My trade paperbacks retail for $15.95. If bought at a store with discount cards, you can get them for even less. So it's a bit stunning to run upon one that sells for $749. Yep, that's what they said. However, they'll let me buy one for a mere $295.  It's the Marquis Who's Who in America, 2005. Why am I so lucky? My bio is in the book. However, if you're interested in reading it, I'd suggest trying your local library. That's what I intend to do. Gee, I wonder what they have to pay for it?




Check my On the Go page occasionally to see where I'll be signing books, making talks, appearing on panels, whatever. If I'm going to be in your area, I'd love to talk to you. A few places I'll be are on the website now, but I'll be adding lots more as things are lined  up.




As of the moment, my newsletter email list includes 339 subscribers who hail from the U.S., Australia, Canada, Indonesia, Israel, Japan, New Zealand, The Netherlands and United Kingdom. There may be other countries I couldn't fathom from the email addresses (my brother in Australia has a Yahoo address). The ranks are growing steadily as I've just posted the contest information on several internet lists, and the entries are pouring in (okay, how about trickling in--sometimes a heavy trickle).


In closing, feel free to send me an email at and tell me what you think of the books or the newsletter or the website or how the election went for you. On second thought, skip the politics. If you would like your name removed from the newsletter mailing list, just send me an email with “Cancel Newsletter” as the subject. I may cry a little, but I'll take you off. Promise. See ya again soon.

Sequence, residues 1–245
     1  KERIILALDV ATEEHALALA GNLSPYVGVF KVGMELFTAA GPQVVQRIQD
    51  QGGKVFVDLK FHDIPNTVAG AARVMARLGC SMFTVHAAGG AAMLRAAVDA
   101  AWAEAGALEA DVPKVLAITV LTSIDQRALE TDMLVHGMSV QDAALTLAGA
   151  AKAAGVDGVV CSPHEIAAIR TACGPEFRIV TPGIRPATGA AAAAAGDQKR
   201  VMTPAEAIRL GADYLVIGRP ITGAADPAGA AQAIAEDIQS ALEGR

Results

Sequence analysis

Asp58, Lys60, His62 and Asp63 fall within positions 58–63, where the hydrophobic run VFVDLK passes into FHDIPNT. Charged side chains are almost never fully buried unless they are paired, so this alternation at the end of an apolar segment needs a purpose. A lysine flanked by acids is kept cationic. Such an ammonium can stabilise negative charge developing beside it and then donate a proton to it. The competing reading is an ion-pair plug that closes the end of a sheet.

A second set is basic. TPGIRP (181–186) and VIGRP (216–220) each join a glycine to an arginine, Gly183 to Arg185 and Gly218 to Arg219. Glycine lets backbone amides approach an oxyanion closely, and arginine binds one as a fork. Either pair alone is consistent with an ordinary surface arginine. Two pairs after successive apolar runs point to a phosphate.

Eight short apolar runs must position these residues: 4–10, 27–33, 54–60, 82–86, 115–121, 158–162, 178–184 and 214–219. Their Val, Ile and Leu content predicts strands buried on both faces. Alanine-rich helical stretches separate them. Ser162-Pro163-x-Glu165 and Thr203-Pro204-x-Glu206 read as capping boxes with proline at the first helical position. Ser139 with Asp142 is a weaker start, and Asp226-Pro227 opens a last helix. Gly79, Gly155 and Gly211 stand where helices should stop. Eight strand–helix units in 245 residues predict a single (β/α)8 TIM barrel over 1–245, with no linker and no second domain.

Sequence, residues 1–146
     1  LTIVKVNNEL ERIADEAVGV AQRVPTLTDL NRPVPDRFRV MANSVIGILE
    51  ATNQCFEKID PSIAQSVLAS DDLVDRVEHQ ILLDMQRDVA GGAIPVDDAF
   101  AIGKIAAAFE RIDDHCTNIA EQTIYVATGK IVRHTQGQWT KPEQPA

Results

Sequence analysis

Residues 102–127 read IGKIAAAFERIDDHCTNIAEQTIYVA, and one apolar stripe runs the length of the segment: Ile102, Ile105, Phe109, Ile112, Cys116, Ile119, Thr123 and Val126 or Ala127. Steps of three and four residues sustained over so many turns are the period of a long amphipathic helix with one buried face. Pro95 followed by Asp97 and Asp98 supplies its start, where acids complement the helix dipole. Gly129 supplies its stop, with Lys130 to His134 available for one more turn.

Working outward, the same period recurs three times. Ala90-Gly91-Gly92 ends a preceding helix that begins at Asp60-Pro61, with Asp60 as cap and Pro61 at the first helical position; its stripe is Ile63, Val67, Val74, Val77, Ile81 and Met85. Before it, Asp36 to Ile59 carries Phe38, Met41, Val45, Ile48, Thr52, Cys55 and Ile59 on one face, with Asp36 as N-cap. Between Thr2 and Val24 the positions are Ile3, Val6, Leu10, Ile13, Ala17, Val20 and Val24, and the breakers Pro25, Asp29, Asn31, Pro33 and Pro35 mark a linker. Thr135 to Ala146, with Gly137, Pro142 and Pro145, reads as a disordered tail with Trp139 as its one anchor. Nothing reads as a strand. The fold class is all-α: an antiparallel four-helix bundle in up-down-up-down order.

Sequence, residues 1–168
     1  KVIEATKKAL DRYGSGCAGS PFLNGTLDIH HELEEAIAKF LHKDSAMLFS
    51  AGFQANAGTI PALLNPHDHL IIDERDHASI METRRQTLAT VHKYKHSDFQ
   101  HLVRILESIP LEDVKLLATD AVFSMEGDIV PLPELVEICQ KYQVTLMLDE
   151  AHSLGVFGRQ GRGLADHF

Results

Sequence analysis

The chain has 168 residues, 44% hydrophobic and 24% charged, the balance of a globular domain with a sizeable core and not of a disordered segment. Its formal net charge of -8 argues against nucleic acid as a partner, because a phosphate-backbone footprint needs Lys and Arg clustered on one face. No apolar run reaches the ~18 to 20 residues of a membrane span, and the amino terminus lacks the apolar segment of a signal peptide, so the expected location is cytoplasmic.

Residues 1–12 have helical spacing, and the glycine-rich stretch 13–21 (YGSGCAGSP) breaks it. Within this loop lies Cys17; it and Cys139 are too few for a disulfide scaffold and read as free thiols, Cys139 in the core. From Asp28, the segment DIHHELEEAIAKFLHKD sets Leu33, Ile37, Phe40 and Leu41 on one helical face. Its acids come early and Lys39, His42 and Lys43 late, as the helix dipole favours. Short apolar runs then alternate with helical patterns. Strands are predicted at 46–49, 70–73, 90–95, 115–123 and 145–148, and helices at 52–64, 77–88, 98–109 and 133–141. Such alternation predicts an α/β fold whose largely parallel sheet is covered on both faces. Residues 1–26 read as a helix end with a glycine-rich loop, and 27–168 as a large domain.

Greg McKenzie Mysteries Newsletter

Chester D. Campbell, Editor & Publisher

















Here are the winners of my contest that ended Aug. 15.

Signed copies of Designed to Kill went to Linda Rutledge of Virginia and J. Dede Ward of Michigan.

Tee shirts with the book cover went to Debra Guyette of Connecticut and William E. Hood of Tennessee.

Thanks to everyone who entered. Keep checking back as we'll have another contest on the website soon.


Readers I’ve already heard from really enjoyed following Greg and Jill’s Florida adventure related in Designed to Kill. The reviewers like it, too. Check out these snips from three of them:

“Mr. Campbell's wealth of life experience and military background give him an eye for detail, which is crucial in any mystery…The plotting, pace and dialog are perfect in Designed To Kill. This is a perfect read for the beach or a long winter afternoon.” Roberta Austin, Murder & Mayhem Book Club

“The duo (Greg and Jill) investigates, finding out some dark secrets, and shocking revelations…culminating in a twist in the tale-and a totally unexpected finish. I enjoyed the book, rather relished the work. Looking forward to a lot, lot more from this author.” Narayan Radhakrishnan, New Mystery Reader

“Boomers in particular are going to enjoy this book…Greg and Jill are fellow travelers whose life experiences we can share because we were there. That, however, needn’t preclude younger readers from enjoying the book, which is filled with vivid and creative imagery as well as demonstrating superb writing skills.” Elizabeth K. Burton, Blue Iris Journal